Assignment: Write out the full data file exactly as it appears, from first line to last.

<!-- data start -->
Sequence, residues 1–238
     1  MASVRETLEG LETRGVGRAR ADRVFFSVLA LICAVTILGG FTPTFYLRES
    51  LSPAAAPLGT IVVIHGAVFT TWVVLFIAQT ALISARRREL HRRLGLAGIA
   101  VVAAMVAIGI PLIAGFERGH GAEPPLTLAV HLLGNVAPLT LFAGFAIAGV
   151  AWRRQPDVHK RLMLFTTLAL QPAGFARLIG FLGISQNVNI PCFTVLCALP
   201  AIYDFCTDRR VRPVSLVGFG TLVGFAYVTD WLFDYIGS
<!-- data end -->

Sequence, residues 1–238
     1  MASVRETLEG LETRGVGRAR ADRVFFSVLA LICAVTILGG FTPTFYLRES
    51  LSPAAAPLGT IVVIHGAVFT TWVVLFIAQT ALISARRREL HRRLGLAGIA
   101  VVAAMVAIGI PLIAGFERGH GAEPPLTLAV HLLGNVAPLT LFAGFAIAGV
   151  AWRRQPDVHK RLMLFTTLAL QPAGFARLIG FLGISQNVNI PCFTVLCALP
   201  AIYDFCTDRR VRPVSLVGFG TLVGFAYVTD WLFDYIGS